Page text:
e bridge with lightwood and other combustible material that can be obtained, and set fire to it. Yours respectfully, A. P. Mason, Major and A. A. G. Lieutenant-General Stewart, Commanding. These two orders were the only instructions given by General Hood. Analyze and construe them as you will and you cannot find one word sent there isolated and unprotected? The facts in the case are these: Hood, with the main army, moved westerly toward Lost Mountain and New Hope church, while Stewart's corps struck the railroad near Big Shanty. Loring went to Ackunth, Walthall to Moon Station, and my command to Big Shanty to destroy the railroad. We continuers learned from citizens that Allatoona was fortified and garrisoned by about three and a half regiments, and that it was a great depot of provisions. When General Stewart received the order that required me to move on Allatoona to fill up the cut, he handed it to me and said: General Hood does not seem to be aware that the plac
Emilio, Luis F., History of the Fifty-Fourth Regiment of Massachusetts Volunteer Infantry , 1863-1865, Chapter 7: bombardment of Charleston. (search)
and made teamsters of them. In refusing to take the pay offered you, and what you are only legally entitled to, you are guilty of insubordination and mutiny, and can be tried and shot by court-martial. Montgomery besides made some gross and invidious insinuations and reflections because the Fifty-fourth men were so light-colored, which it would be improper to repeat. The colonel seemed to be unaware that his remarks were insulting, and most of the men he addressed born free. Sergt. Henry Stewart, of Company E, a faithful soldier who had actively engaged in recruiting the regiment, died of disease September 27, and was buried with proper honors. His and other deaths, with an increased sick list, called for sanitary measures about this time. No radical change of camp was possible, as the ground available for such purposes was limited; but tents were struck so that the air and sun could reach the ground beneath, and a daily inspection of streets, sinks, and the cooked food ins
Emilio, Luis F., History of the Fifty-Fourth Regiment of Massachusetts Volunteer Infantry , 1863-1865, Roster of the Fifty-Fourth Massachusetts Infantry. (search)
Nathan 23, —— —— Rochester, N. Y. 3 Sep 64; 20 Aug 65, Stewart, Charles W. 18, —— —— Fairhaven, Vt. 11 Dec 63; 20 Aug 65. —— Stewart, Hezekiah 19, sin.; farmer; Shelby Co. O. 12 May 63; 20 Aug 65. $50. Stotts, John H. Corpl. 26, mar.; laborep. 63 Regtl. Hos. Morris Id. S. C. Chr. Diarrhea. $50. Stewart, Edward Corpl. 24, mar.; fireman; Pittsburgh, Pa. 5 May 63; died 18 Feb 65 Gen. Hos. Beaufort S. C. Fever. $50. Stewart, Henry F. 19, sin.; barber; Horseheads, N. Y. 29 Mch 63; 2 Mich. 9 Apl 63; missing 18 Jly 63 Ft Wagner, S. C $50. Stewart, George H. 35, mar.; seaman; Watertown, N. Y. 9 Apl 63, 7 sin.; laborer; Cleveland, O. 29 Apl 63; 20 Aug 65. $50. Stewart, Henderson 26, sin.; farmer; Fall River. 9 Oct 63; 20 Aug 65. $50. Stewart, Jefferson B. 18, sin.; laborer; Brownsville, Mich. 26 Apl 63; 14 Apl 65 Gen. Hos. New York; dis. Woundedied 31 Jly 65 Charleston, S. C. Dysentery. $325. woods, Stewart W., 27, sin.; laborer; Carlisle, Pa 29 Apl 63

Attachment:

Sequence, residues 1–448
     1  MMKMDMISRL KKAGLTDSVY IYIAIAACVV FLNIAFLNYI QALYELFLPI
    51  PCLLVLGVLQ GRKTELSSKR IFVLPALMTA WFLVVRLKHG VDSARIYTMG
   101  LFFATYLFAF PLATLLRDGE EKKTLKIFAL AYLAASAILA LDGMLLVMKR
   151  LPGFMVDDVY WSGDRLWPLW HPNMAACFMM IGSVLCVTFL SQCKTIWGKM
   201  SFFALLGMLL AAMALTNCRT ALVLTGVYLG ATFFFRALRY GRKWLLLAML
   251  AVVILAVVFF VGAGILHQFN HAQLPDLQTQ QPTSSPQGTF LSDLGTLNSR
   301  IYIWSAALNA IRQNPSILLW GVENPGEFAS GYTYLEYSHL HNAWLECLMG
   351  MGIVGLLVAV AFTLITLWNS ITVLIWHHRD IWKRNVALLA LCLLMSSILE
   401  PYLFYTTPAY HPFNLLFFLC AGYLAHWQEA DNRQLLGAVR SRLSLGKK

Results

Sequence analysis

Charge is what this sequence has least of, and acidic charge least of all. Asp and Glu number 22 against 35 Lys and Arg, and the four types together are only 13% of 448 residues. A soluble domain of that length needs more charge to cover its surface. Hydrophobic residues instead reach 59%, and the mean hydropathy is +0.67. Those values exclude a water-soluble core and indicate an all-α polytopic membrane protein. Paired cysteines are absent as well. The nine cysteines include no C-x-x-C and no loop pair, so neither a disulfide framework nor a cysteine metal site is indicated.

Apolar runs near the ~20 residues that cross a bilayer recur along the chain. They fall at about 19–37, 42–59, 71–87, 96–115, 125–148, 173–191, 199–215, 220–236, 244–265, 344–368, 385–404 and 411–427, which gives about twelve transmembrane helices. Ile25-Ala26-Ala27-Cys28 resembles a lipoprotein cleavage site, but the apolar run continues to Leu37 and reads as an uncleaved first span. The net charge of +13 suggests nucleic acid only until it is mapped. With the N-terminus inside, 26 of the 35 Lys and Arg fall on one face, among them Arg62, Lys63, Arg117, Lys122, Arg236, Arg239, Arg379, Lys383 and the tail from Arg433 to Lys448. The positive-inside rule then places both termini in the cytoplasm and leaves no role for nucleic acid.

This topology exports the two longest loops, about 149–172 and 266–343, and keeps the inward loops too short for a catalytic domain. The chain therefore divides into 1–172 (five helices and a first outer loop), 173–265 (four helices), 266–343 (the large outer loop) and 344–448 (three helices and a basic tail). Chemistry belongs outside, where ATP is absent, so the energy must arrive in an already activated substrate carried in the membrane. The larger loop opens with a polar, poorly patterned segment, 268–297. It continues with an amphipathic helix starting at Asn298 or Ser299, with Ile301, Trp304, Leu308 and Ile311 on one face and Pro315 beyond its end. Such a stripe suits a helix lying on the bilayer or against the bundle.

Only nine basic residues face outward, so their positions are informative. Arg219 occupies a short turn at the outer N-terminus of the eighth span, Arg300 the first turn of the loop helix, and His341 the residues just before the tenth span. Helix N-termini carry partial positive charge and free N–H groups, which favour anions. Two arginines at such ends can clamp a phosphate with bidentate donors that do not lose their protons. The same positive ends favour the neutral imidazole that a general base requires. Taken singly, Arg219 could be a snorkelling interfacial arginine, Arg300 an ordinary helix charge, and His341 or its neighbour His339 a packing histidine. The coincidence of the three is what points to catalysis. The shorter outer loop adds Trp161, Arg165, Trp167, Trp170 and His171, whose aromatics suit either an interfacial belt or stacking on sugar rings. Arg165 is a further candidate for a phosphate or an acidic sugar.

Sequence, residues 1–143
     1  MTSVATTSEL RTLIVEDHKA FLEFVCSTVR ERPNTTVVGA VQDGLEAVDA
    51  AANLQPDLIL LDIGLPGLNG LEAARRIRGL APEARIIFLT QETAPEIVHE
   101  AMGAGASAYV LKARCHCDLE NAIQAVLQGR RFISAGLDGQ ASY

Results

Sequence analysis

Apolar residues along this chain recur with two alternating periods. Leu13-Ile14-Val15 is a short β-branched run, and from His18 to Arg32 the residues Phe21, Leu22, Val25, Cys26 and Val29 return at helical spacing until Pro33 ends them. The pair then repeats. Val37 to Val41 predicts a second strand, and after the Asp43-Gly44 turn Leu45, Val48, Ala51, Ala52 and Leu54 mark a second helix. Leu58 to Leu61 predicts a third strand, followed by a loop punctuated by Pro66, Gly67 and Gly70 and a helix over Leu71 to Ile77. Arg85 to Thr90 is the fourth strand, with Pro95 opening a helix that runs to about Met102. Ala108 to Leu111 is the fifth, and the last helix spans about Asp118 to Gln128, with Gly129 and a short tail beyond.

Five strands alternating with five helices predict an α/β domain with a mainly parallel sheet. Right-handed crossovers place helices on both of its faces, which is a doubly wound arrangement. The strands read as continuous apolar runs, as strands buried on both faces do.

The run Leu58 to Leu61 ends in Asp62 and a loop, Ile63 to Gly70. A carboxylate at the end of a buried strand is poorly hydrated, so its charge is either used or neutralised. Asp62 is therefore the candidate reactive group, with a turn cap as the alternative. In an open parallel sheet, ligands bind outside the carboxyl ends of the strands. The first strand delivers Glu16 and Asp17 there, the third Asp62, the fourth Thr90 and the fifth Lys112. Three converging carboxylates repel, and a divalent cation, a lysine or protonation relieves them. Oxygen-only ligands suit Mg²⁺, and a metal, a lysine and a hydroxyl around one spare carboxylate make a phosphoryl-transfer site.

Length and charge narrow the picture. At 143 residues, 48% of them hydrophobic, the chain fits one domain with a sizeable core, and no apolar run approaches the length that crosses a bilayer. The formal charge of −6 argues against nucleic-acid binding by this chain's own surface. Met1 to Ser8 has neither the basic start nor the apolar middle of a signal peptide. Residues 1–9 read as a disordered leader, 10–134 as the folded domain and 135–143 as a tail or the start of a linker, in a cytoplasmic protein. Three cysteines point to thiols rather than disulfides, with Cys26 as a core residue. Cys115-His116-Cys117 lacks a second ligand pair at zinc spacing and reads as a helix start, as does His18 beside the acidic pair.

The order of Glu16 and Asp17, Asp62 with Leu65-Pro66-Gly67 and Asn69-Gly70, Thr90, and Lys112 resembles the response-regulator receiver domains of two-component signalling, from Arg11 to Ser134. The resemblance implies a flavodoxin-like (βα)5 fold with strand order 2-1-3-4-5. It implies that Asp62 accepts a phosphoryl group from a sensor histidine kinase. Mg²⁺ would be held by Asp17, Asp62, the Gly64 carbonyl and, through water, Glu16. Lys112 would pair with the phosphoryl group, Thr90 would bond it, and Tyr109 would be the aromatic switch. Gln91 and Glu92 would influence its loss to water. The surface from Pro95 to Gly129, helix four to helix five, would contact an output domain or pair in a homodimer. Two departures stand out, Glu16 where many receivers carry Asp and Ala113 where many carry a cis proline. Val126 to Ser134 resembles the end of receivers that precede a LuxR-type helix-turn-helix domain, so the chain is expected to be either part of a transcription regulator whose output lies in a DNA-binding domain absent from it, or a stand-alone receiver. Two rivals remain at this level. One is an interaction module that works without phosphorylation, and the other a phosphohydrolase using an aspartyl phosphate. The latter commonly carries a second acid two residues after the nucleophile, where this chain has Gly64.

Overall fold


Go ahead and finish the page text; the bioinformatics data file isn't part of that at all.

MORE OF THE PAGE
d prisoner, and nothing further; name in list of wounded prisoners, March 31, 1864, at Lake City, Fla. Morris, George. Corporal, Co. B, wounded; exchanged March 4, 1865, at Goldsboro, N. C.; returned to regiment June 7, 1865. Morris, William H. Private Co. K; roster says, missing, supposed killed, and nothing further; name in list of wounded prisoners, March 31, 1864, at Lake City, Fla. Rensellaer, Charles M. Private, Co. C; died a prisoner, June 8, 1864, at Andersonville, Ga. Stewart, George H. Private, Co. G; exchanged March 4, 1865, at Goldsboro, N. C.; discharged Oct. 7, 1865, at General Hospital, Alexandria, Va. Vanalstyne, William D. Private, Co. B; died a prisoner, Sept. 10, 1864, at Andersonville, Ga. Besides these ten men of the Fifty-fourth, the following named is reported in roster under circumstances as below stated, and his name is included for the purposes of this writing with our prisoners:— cook, William. Private, Co. G, missing; Feb. 21, 1864;
phen's Depot, S. C., 284. Staggett's Mill, S. C., 308. Stanton, Edwin M., 2. State Road, 256, 263, 266. Statesburg, S. C., 296, 298, 299, 300, 306. Stearns, George L., 11, 12. Stearns, Mary E., 16. Stephens, George E., 12, 56, 92, 166, 315. Stephenson, J. H., 15, 23. Steuart, George H., 196. Stevens, Atherton H., Jr., 152. Stevens, Edward L., 184, 237, 276, 291, 292, 293, 302, 303, 304, 305. Stevens, T. H., 128. Stevenson, Thomas G., 53, 63, 74, 85, 87, 103, 106, 143. Stewart, Henry, 131. Stewart plantation, 263, 265, 266. Stiles, Joseph, 202. Sterling, J. R., 12. Stone, Lincoln R., 34, 64, 75, 103,105, 109. 145. Stono Inlet, S. C., 51, 141, 186, 197, 200, 215, 234. Stono River, 53, 56, 59,197, 199, 208, 209, 210, 211, 216, 270. Strahan, Charles G., 146. Strength of regiment, 105, 108, 149, 164, 178, 202, 228, 237, 261, 291. Strong, Fort, 134. Strong, George C., 46, 48, 49, 66, 72, 73, 74, 77, 86, 88, 89, 91, 94. Stroud, William H., tug, 318. Sturgis